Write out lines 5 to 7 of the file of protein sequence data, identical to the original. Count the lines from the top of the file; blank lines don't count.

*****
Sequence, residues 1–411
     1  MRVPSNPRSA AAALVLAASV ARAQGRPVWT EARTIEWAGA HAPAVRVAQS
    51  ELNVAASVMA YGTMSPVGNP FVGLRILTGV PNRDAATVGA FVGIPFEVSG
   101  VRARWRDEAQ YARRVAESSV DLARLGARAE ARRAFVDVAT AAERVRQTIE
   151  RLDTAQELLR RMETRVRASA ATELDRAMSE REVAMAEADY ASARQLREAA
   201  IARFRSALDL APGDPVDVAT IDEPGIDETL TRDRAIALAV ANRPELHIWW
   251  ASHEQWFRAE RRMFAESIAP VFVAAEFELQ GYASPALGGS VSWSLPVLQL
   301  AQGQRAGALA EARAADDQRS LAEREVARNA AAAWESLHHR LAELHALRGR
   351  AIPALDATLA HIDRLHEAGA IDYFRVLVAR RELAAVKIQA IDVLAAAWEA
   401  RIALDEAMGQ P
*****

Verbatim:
   151  RLDTAQELLR RMETRVRASA ATELDRAMSE REVAMAEADY ASARQLREAA
   201  IARFRSALDL APGDPVDVAT IDEPGIDETL TRDRAIALAV ANRPELHIWW
   251  ASHEQWFRAE RRMFAESIAP VFVAAEFELQ GYASPALGGS VSWSLPVLQL